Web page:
The following are the nominees for the 2014 Academy Awards (the ones I care about) announced by Cheryl Boone Isaacs, president of the Academy of Motion Picture Arts and Sciences, on Thursday. For some strange reason, she was joined by "Hunger Games" actor Chris Hemsworth. Weird. I wonder who he had to screw to get that spot... Anyway, The Academy Awards will air live on ABC on March 2, starting at 7 p.m. ET. Share your picks in the comments.
CNN Coverage | Official Oscar Site
This week's Sunday Art Blog has a theory: less is more. You'll find some really fun and creative things happening in the links below. I'd like to call your attention to the Aldie Counseling Center Art and Poetry Show, which is a page I just made with photos and links to poems that appeared in the art show on Wednesday, October 9, 2013. It is the first art show I was ever in that was geared toward the overcoming of addiction and mental illness. It was truly an honor to be a part of. Another amazing site is Sheen's Portfolio on Behance. You will thank me for linking to it after you've seen it. The skill is astonishing. It's pure perfection, and you will love it! Enjoy this week's Sunday Art Blog, everyone! See you next week!
As you may or may not know, I was quoted as saying that Allison Dufty was the voice of Siri, but I was mistaken, and was told so by Allison Dufty herself. Very nicely, I might add. She sounds remarkably like Susan Bennett (susanbennett.com), who just came forward as the voice of Siri. She says it took awhile to get used to hearing her own voice as Siri, but she eventually became friends with the phone voice with a programmed personality. All this according to the video from the October 8th CNN article about her. Here's a video of Susan Bennett, the real voice of Siri:
My latest upload to SoundCloud, "Who Can Say?" a poem by Nicholas Emeigh:
My full playlist on SoundCloud "The Poetry of Nicholas Emeigh":
From the collage image above, clockwise from top left:
Something To Take Your Mind Off Of The Government: This Crazy Website Shows You How to Find, Buy, and Sell Drugs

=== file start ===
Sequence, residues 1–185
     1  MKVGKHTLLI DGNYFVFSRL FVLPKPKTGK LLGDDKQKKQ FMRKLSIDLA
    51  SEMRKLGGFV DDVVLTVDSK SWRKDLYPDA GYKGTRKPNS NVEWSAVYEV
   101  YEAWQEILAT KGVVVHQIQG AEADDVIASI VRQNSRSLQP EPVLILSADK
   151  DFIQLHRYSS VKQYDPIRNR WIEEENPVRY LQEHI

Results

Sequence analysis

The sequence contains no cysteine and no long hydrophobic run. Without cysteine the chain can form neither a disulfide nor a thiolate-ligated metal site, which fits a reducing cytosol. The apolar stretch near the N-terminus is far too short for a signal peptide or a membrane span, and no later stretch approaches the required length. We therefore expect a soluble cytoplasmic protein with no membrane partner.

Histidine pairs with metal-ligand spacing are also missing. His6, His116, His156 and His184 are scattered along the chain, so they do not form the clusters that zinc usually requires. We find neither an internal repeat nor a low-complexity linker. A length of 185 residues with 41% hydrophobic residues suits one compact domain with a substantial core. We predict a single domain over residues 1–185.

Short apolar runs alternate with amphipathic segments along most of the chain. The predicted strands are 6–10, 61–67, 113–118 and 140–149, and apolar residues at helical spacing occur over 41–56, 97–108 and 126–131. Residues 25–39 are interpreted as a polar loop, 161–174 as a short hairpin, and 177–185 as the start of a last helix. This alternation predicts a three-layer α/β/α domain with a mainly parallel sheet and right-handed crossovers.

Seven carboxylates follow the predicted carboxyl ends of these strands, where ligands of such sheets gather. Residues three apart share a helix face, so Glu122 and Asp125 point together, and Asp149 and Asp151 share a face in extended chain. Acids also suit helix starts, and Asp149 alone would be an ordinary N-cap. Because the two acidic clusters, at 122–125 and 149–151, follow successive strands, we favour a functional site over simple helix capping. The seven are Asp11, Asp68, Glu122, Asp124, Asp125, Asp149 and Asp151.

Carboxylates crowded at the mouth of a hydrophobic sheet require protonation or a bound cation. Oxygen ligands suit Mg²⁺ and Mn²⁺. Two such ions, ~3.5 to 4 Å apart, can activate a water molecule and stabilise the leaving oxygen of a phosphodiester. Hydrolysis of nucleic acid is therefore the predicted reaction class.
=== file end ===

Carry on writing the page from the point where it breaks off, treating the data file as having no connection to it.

I don't know how it exists, but I think a stop should be put to "Silk Road Drugs," a website that tells you in detail--with the use of blogs, programs, and comments from users--how to find, buy, and sell drugs. It has features on the grades of drugs for connoisseurs, search functions, and a detailed method of installation to avoid evidence ever being tied to the pc of origin. I think it's totally cray that this exists. I'm scared to download it to tell you any more about it, so if anyone does, let me know what it's all about. I'm curious, but not enough to get arrested. This is a great article from the New York Times about the creator getting busted, so maybe it's not functioning. Let me know in the comments if you know.
It's all over the web. The government has officially shut down as of midnight on Tuesday, just as Obama Care went into effect. The shutdown is costing tax payers up to $300 Million per day, just because appointed government officials couldn't muster the effort or intelligence it takes to do their jobs. It is a sad, sad day for America.
Speaking of Obama Care, open enrollment began last night at midnight, and the system it is using is so poorly designed that I couldn't seem to enroll to save my life. I enrolled once, and when I reached the end and pressed "submit," it gave me an error message and a link to try again from the beginning. When I tried again and pressed "submit," it said that my "first/last name combination, and username/password combination is not unique." No kidding! This had better be fixed soon or else there will be hell to pay as Americans trying to enroll are being refused left and right because of glitches in the site's infrastructure. You can try to enroll at www.healthcare.gov, but be warned: it probably won't work.
Around the Web:
> Obama Urges Republicans to Drop Health Law Fight @ New York Times
> The Price of Incompetence: The Government Shutdown Could Cost $300M Per Day @ Huffington Post
> Obama Care Launch Day Plagued By Website Glitches @ Huffington Post
> Opening Rush to Insurance Markets Runs Into Snags @ New York Times (added 10/04/2013)
Pictured above, clockwise from top left: